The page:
Treating Sunken Chest Offers Kids Physical & Emotional Benefits
July 27, 2023
Pectus excavatum – also called sunken chest or funnel chest – is a common chest deformity that affects one out of every 300 to 400 children. The condition causes some of the ribs to grow inward, which can impact heart and lung function. Additionally, the indented appearance of the chest may negatively influence a child’s body image and self-esteem and can lead to depression.
In most mild cases, pectus excavatum does not require surgery. However, surgical intervention can lead to significant functional and cosmetic improvements in more severe cases. Edward Barksdale, MD, chief of pediatric surgery at University Hospitals Rainbow Babies & Children’s Hospital, says that surgery to correct pectus excavatum can be life-changing for patients, giving them back their confidence and improving their quality of life.
Symptoms and Diagnosis
Although pectus excavatum is a congenital deformity that children are born with, symptoms may not become apparent until their growth spurt during puberty. Children with pectus excavatum may start to experience symptoms such as chest pain, shortness of breath, fainting or heart palpitations, or they may only notice the indented appearance of the chest. This indention may become progressively worse as the child continues to grow.
After pectus excavatum is diagnosed using imaging scans such as magnetic resonance imaging (MRI) or computed tomography (CT), a pediatric surgeon will rate the deformity from mild to extreme. The more severe the deformity, the more likely surgical intervention may be recommended.
Dr. Barksdale recommends that families meet with a surgeon early once pectus excavatum has been diagnosed. This doesn’t necessarily mean surgery is needed – but it can be important to help educate the patient and their parents on the options available. Pre-surgical counseling is also helpful to set appropriate expectations and to empower patients and families to make the decision that is right for them, says Dr. Barksdale.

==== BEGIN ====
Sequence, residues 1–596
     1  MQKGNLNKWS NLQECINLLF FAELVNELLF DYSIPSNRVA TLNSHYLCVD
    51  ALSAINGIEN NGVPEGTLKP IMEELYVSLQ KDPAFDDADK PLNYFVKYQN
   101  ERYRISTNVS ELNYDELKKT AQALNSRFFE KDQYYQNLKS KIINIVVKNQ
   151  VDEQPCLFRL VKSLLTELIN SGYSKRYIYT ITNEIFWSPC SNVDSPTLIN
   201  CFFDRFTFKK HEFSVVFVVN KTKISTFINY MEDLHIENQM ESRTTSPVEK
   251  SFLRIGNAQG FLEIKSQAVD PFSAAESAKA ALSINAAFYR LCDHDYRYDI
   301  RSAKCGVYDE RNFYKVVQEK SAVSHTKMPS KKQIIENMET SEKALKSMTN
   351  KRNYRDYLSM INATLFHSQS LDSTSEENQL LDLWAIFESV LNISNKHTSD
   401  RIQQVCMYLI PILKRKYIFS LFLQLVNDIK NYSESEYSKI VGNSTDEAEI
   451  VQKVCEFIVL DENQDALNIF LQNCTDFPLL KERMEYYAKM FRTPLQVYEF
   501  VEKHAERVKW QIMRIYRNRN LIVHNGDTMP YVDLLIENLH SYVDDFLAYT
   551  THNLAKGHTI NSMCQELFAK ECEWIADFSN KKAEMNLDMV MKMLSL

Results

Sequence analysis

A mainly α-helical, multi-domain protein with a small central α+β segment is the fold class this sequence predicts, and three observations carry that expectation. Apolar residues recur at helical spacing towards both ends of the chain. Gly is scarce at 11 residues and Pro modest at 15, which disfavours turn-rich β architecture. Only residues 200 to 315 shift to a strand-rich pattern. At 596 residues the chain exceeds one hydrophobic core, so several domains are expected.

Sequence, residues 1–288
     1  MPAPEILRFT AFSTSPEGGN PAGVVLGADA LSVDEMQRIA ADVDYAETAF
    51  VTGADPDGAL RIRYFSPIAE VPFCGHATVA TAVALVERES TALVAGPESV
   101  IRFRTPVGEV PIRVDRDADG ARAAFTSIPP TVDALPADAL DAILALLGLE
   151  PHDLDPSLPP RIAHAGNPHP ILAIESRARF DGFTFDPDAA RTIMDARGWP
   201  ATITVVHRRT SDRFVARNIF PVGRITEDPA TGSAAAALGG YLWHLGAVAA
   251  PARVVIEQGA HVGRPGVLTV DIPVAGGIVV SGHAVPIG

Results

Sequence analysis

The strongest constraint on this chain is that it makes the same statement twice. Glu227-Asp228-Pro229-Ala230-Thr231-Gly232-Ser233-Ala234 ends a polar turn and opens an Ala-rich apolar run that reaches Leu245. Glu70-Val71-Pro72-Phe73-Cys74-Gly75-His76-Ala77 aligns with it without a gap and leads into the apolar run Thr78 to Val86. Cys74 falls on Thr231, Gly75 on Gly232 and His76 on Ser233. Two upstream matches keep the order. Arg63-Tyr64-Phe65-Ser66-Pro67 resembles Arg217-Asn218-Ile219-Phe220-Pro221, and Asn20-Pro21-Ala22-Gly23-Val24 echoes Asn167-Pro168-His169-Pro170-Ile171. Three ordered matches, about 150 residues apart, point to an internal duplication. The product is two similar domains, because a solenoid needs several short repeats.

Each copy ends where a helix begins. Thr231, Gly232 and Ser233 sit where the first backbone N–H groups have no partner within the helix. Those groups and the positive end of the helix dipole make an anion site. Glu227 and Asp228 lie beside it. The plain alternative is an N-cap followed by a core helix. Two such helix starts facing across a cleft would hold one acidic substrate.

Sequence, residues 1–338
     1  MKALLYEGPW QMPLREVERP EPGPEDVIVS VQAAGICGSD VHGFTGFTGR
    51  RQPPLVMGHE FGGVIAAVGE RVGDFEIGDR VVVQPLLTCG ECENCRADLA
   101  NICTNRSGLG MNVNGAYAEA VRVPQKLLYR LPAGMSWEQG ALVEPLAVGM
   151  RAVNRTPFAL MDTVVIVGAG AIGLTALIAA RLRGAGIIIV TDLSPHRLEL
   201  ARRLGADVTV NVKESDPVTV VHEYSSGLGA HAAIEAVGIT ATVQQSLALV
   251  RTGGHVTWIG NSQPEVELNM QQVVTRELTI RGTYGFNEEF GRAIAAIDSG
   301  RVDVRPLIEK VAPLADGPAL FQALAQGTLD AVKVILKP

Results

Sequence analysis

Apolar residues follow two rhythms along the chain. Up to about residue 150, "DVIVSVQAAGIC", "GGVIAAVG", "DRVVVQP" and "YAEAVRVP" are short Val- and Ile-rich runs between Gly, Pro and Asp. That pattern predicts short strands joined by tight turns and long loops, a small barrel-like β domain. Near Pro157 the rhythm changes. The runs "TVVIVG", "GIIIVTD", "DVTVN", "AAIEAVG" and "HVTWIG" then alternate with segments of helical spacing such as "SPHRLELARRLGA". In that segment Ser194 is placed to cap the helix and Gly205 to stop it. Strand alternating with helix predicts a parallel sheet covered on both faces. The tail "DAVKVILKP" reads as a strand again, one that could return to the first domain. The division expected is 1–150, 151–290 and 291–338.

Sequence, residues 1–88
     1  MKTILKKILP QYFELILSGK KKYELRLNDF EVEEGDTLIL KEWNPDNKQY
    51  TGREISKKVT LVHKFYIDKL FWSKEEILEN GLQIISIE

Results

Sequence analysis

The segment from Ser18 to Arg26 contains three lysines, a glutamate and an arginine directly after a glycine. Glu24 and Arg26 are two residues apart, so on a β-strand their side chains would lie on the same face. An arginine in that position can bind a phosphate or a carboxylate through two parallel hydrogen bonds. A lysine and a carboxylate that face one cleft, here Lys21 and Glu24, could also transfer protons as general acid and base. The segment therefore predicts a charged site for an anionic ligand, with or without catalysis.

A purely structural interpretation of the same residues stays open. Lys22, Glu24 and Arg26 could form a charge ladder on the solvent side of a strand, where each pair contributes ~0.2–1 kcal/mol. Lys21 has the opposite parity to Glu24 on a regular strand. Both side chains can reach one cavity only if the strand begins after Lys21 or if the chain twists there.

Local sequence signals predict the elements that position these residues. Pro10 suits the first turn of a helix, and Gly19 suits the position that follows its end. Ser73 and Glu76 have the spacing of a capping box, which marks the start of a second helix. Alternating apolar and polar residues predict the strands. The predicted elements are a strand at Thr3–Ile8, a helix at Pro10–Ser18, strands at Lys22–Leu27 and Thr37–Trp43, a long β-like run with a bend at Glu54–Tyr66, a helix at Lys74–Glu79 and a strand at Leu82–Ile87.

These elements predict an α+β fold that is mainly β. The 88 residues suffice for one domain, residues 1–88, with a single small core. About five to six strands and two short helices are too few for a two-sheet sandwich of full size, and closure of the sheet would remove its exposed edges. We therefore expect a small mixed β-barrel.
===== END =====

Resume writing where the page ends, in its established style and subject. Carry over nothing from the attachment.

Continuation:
“We want every child who comes to us to feel like they are in charge of their own body,” says Dr. Barksdale. “We work carefully with families to find what makes sense for them and their kids.”
Two Surgical Approaches
There are two surgical procedures that can be used to correct pectus excavatum: the modified Ravitch procedure and the Nuss procedure. Both procedures involve inserting a metal bar near the deformity to correct the indentation. The Ravitch has been around longer and is a more traditional open surgery. The Nuss procedure is a minimally invasive surgery that uses two small incisions to insert a custom-made bar at the site of the indent. This bar will slowly push the sternum outward into a more normal position. With both procedures, the bar will be removed about three years after the initial surgery.
Even though the Nuss procedure is less invasive, it has traditionally been the more painful of the two procedures. However, surgeons have recently introduced the use of cryoblation during surgery, which greatly reduces post-operative pain. With cryoblation, some of the nerves around the ribs and sternum are frozen before the bar is inserted. Dr. Barksdale says the technique is so effective for pain control that most patients only need to stay in the hospital two to three days, down from the average of about a week before cryoblation was routinely used.
This improved pain control, coupled with the minimally invasive approach, less blood loss and shorter hospital stay, has made Nuss the more popular and preferred procedure for most patients.
Significant Improvements After Surgery
Dr. Barksdale says most families are very pleased with their outcome after surgery – both physically and psychologically. Improvement in heart and lung function can help children get back to activities and sports they previously enjoyed but couldn’t participate in before surgery. They often report a significant improvement in self-esteem and body image after the indentation has been corrected, becoming more confident in their bodies and no longer avoiding mirrors, bathing suits or baring their chest.
Dr. Barkdale says it is so rewarding to see the relief in a parent’s eyes when they see that surgery has gone well, and when they see their child’s chest for the first time after the procedure.
“We want to create a new narrative for patients,” says Dr. Barksdale. “Improving function and appearance and increasing their self-confidence can help them achieve this.”
The pediatric surgeons at UH Rainbow provide expert chest wall reconstruction for conditions such as pectus excavatum, as well as surgical care for a wide range of conditions, both common and complex.